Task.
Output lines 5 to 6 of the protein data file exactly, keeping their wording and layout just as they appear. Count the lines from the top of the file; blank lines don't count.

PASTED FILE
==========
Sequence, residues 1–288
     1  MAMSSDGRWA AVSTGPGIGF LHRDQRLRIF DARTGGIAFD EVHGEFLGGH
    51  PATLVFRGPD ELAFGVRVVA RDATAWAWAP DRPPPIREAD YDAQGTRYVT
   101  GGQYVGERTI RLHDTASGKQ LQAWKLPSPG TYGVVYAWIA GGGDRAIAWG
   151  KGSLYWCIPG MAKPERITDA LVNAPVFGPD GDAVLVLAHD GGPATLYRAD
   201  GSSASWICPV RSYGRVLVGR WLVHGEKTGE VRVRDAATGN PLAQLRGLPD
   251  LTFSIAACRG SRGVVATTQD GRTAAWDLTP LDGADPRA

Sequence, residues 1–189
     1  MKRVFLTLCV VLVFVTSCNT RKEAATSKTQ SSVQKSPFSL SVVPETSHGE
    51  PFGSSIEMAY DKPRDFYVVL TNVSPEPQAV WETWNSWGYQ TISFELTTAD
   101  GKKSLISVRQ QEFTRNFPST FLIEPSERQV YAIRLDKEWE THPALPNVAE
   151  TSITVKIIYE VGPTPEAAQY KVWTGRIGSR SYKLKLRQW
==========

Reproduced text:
   151  KGSLYWCIPG MAKPERITDA LVNAPVFGPD GDAVLVLAHD GGPATLYRAD
   201  GSSASWICPV RSYGRVLVGR WLVHGEKTGE VRVRDAATGN PLAQLRGLPD